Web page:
People don’t want to pay for online content, no matter where they are in the world: That’s the result of a new study conducted by the GfK Group based on interviews with 16,800 people in the U.S. and 16 European countries. Only 13 percent of all respondents around the globe said that they were willing to pay for online content, while 33 percent even said that they wanted everything for free, without ads. I guess BitTorrent downloads weren’t an explicit choice, but they probably would have gotten quite a few votes as well.
The GFK study (German press release), which was conducted on behalf of the Wall Street Journal Europe, tried to get a sense of how people use the Internet in the U.S. as well as different parts of Europe. The willingness to pay for online content was just a small part of it, but the results are definitely noteworthy, if not troublesome, at least if you’re in the business of selling content online. However, just like on a backpacking trip through Europe, there’s always some places that are worse than others.
Selling movie downloads or similar digital goods is going to be especially hard in Eastern Europe, where only 7 percent of all respondents are willing to pay for online content. Things are looking a little better in the U.S.; 17 percent of the respondents from this side of the pond told GFK that they were willing to bust out their credit card for online content, while 21 percent insisted on everything being both without ads and free.
The picture is more complex in Western Europe. People in Greece, for example, seem to be most accepting towards ad-supported content, with 61 percent saying that free with ads is their preferred model for online content. Go to Spain, on the other hand, and you’ll find 54 percent who’d like everything free, without any ads whatsoever. So where can you make money selling content? In Sweden, 23 percent of people are willing to pay, as are 18 percent of all the respondents in the UK.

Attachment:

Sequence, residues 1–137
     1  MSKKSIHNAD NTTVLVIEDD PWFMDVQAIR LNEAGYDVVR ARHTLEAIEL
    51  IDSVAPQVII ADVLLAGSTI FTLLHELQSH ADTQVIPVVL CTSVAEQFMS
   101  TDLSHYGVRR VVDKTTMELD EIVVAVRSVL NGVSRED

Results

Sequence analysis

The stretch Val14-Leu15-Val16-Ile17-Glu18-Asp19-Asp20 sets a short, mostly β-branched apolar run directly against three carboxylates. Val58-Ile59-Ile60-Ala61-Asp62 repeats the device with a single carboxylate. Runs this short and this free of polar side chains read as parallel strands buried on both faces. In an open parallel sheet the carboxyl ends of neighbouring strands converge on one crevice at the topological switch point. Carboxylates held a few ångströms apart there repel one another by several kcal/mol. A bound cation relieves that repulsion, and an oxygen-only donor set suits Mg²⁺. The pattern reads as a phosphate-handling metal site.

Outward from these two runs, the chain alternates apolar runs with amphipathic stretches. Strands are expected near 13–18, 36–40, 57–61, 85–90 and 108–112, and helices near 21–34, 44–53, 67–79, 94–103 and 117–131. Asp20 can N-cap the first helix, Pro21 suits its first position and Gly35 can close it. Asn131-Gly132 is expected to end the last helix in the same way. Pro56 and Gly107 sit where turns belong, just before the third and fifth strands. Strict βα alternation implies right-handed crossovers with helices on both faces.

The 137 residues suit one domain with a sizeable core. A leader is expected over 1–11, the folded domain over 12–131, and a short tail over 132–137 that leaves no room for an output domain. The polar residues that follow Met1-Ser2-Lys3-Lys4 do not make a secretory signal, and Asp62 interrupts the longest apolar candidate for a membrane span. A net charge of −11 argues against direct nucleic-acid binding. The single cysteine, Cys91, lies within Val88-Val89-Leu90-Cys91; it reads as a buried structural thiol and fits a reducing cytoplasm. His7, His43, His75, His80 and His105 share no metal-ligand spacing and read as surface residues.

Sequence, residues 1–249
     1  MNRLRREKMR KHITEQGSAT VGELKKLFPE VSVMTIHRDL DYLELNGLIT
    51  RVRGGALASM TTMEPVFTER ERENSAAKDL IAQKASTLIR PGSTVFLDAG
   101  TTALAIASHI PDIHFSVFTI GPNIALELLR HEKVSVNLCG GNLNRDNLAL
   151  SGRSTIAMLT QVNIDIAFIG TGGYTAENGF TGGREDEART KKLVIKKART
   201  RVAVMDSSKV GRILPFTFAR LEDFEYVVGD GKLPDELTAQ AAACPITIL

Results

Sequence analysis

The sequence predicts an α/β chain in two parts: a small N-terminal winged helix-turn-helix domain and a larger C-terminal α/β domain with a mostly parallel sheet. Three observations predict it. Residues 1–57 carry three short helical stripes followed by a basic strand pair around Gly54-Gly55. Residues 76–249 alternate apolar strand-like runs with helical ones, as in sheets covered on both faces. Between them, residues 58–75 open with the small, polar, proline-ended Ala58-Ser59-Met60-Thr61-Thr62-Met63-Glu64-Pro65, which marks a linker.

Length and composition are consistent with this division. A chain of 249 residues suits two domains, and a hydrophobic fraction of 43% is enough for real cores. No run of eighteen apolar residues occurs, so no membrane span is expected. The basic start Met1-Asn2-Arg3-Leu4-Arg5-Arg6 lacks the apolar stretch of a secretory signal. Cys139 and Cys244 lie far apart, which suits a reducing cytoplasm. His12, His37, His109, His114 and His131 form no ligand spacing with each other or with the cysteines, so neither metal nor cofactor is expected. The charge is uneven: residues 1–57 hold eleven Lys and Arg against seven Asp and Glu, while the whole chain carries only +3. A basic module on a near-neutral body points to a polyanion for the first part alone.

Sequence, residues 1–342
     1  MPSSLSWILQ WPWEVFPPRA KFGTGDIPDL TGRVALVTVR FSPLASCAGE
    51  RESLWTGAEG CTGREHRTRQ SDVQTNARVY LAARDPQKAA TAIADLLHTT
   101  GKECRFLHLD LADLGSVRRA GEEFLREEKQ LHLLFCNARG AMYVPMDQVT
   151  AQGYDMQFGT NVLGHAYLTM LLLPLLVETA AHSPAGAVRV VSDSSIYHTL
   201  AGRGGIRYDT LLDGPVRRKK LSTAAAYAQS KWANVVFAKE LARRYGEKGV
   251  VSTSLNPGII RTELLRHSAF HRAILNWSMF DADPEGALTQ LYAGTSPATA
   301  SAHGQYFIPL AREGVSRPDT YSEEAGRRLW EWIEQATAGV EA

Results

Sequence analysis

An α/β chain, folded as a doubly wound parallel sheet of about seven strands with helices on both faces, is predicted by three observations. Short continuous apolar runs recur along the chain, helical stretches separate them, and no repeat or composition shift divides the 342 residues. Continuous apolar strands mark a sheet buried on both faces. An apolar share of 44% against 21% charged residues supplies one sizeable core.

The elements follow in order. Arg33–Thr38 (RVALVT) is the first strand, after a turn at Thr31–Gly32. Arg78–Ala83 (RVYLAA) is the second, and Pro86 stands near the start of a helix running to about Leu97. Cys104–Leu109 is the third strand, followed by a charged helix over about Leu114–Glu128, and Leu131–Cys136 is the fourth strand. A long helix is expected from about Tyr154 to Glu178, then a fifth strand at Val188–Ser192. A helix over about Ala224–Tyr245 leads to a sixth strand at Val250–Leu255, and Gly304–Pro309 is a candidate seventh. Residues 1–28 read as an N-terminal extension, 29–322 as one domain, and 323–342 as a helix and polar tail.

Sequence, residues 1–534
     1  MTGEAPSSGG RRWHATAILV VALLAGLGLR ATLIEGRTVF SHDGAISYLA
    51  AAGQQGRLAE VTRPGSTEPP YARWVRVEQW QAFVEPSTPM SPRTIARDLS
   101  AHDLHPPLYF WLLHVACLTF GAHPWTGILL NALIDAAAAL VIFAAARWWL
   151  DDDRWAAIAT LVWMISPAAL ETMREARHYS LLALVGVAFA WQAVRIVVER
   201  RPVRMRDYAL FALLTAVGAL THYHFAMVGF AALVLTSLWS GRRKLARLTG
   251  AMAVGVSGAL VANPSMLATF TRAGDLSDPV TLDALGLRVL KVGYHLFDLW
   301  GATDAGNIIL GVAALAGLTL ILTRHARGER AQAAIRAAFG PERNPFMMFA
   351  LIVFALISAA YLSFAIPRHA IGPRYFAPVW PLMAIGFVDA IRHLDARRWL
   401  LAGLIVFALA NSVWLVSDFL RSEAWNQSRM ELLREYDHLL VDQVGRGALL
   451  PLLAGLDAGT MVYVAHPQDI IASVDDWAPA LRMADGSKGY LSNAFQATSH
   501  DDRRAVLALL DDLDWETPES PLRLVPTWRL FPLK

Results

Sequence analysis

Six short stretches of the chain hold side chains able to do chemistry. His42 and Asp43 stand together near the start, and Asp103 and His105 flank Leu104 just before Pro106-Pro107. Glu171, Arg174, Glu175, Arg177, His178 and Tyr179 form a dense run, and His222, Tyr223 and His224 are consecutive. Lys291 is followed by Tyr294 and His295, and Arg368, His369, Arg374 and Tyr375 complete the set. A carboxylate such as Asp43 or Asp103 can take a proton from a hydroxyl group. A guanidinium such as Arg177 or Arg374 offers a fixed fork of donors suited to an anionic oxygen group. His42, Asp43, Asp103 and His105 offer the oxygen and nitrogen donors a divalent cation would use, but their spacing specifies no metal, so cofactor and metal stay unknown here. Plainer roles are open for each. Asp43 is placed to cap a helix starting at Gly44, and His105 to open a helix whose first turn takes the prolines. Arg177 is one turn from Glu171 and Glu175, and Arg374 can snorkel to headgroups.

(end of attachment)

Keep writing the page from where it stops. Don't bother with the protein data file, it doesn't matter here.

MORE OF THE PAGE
As always, there’s more than just one way to explain these results. Recent news that digital music sales in Sweden had soared prompted speculation that the country’s tougher anti-piracy laws are working, and one could assume that the high willingness to pay has something to do with this as well. However, France has even tougher laws against file sharing, but 92 percent of all French say non bien to paid content, while 50 percent prefer their digital goods free and ad-free. My hunch is that both the increased music sales as well as the higher willingness to pay in general have much more to do with the power of Spotify than with any laws against torrenting.
So what does all of this mean for online video? Well, if your business relies on selling content to anyone but Swedes: Good luck. No, seriously, the results make it pretty clear that free is here to stay, but that there’s also a learning curve that could lead to more freemium models. And here’s an interesting tidbit: People that are willing to pay would oftentimes even tolerate ads for paid content. Again, Sweden is leading the way, where 12 percent said that they’d pay for content with ads, while 11 percent said they’d want their paid content ad free.
I don’t think that means that people want to buy TV show episodes from the iTunes store that feature a bunch of commercials, but that they’d be open to reasonably priced subscription models that feature ads, but also exclusive content for paying subscribers.